Gladstone is a focal point of World Seagrass Day celebrations on 1 March' with the community' researchers and port managers taking to the harbour to conduct research activities.
Seagrass expert and CQUniversity's Coastal and Marine Ecosystems Research Centre (CMERC) director Associate Professor Emma Jackson said the global initiative was being led by the World Seagrass Association to raise awareness of the importance of seagrass restoration for marine health' carbon sequestration and species protection.
Assoc Prof Jackson said seagrass meadows provide valuable nursery habitat to over a fifth of the world's largest 25 fisheries' including Australia's iconic dugongs which can consume up to 40kg of seagrass each day.
"Our seagrass team here at CMERC has been working with the community' Indigenous custodians from the Gidarjil Development Corporation' the Gladstone Ports Corporation and environmental groups including the Great Barrier Reef Foundation' Fitzroy Basin Association and Burnett Mary Regional Group'" she said.
"Our work is aimed at both improving our understanding of this vital marine plant' as well as developing new ways of restoring seagrass meadows with materials from CMERC's seagrass nurseries."
CMERC was established by CQUniversity in 2019 to work with coastal industries and communities to develop practical and sustainable solutions for coastal and marine environments' and a core program is seagrass restoration research.
Assoc Prof Jackson said that globally seagrass meadows play an important role in coastal protection' trapping sediment' decreasing wave energy and stabilising coastlines.
"They are also important carbon sinks' globally storing as much as 19.9 Petagrams of organic carbon – that's an equivalent weight to 20 million oil tankers – so it's fantastic to see the way the Gladstone community is supporting our local efforts by participating in seagrass flower collection and seed propagation activities'" she said.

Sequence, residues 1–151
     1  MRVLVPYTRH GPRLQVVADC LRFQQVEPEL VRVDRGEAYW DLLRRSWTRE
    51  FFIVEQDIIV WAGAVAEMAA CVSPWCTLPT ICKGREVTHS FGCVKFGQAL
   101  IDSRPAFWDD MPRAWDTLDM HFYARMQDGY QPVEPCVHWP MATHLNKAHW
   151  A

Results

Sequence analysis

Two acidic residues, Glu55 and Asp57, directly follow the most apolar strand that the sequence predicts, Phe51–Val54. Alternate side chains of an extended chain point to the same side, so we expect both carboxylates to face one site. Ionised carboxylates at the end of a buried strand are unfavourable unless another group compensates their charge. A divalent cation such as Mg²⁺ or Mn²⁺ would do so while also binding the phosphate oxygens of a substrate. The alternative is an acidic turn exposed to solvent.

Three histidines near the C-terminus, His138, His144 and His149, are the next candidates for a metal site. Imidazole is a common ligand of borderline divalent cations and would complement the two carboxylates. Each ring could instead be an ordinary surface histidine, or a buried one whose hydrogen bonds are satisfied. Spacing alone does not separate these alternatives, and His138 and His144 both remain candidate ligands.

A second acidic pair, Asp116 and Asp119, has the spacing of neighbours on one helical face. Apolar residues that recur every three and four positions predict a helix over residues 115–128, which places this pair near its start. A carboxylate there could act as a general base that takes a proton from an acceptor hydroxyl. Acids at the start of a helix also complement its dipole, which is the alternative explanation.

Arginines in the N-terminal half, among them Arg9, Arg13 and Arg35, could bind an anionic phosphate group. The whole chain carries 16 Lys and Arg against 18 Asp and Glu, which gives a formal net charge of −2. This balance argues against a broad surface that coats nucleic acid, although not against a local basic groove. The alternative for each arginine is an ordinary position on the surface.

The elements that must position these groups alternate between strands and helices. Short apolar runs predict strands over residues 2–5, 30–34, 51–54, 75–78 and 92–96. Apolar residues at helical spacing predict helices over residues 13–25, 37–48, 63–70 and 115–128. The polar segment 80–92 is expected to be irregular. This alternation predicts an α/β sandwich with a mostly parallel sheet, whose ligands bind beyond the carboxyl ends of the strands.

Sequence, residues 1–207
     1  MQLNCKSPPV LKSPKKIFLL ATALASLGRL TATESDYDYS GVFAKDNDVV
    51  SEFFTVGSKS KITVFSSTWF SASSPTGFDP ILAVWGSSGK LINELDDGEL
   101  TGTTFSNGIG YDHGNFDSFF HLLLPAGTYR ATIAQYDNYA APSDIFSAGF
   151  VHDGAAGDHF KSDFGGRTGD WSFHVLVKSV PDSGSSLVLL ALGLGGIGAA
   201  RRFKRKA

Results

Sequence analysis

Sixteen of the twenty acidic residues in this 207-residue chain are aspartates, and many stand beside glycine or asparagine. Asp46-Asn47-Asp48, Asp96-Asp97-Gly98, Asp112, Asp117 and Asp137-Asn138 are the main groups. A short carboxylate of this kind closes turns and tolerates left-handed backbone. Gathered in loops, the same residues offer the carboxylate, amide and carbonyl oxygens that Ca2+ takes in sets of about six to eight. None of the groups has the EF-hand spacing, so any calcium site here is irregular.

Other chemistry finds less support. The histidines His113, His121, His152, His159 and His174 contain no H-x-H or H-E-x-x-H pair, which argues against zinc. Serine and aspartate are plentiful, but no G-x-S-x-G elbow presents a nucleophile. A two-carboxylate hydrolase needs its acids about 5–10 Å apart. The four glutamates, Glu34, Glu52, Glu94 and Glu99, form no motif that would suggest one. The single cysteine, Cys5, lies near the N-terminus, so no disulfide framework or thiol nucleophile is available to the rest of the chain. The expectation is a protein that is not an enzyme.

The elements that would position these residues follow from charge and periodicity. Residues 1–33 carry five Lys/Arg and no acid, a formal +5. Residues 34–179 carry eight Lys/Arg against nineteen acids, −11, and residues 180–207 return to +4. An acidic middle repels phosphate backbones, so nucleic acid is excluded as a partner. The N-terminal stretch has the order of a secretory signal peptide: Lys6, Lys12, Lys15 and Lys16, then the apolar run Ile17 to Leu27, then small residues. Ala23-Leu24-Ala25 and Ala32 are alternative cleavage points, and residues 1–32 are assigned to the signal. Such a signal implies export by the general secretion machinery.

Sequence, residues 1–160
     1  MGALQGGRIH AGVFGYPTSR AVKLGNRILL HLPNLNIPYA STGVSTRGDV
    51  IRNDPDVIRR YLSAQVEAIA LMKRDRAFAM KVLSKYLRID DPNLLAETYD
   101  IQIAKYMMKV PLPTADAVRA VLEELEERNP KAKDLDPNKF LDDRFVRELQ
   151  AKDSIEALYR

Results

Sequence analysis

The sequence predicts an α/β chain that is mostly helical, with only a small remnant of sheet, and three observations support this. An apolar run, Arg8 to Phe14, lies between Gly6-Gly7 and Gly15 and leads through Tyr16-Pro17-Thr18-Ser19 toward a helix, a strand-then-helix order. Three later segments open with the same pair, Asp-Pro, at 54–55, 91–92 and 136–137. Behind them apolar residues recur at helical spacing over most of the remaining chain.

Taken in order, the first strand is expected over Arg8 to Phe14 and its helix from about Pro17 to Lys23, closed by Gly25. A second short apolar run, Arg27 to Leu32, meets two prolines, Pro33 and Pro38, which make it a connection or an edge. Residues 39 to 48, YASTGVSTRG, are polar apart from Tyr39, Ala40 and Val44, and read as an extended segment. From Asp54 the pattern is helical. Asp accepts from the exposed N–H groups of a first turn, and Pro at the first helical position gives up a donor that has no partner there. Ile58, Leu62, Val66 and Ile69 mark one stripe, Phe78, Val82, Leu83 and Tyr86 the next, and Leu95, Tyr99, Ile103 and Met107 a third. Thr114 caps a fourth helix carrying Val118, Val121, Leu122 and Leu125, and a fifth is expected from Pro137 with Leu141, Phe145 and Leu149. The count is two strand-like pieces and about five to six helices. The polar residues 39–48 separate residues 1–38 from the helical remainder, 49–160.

Headquartered on the shoreline of the Gladstone marina' CMERC is the only coastal and marine research facility based in Central Queensland and is growing world-class research equipment and laboratories with access to cutting-edge analytical capabilities.
"Seagrasses tend to grow in sheltered parts of the coast and estuaries. Unfortunately' this tends to be the places where humans develop towns and cities' build ports' and dispose of wastes either deliberately or accidentally'" Assoc Prof Jackson said.
"Unlike seagrass in temperate regions' seagrasses in tropical and sub tropical Queensland are very dynamic and can come and go depending on the conditions.
"This makes restoration difficult since it is hard to detect where seagrass might be able to recover naturally versus where it needs a helping hand. This is why it's so important that our community and industry groups continue to get behind our activities here in Gladstone."
This World Seagrass Day coincides with a good low tide so our teams are out collecting plants for propagation in the nursery and taking samples to analyse net carbon storage of the meadows.
CMERC seagrass research activities also include in situ and mesocosm-based trials to assess the triggers for flowering' how different populations adapt to the environment and some novel techniques for collecting storing and dispersing seeds. These link with volunteer and community groups who participate in flower collection and seed planting activities' drawing together people aged from five to 75 in the project.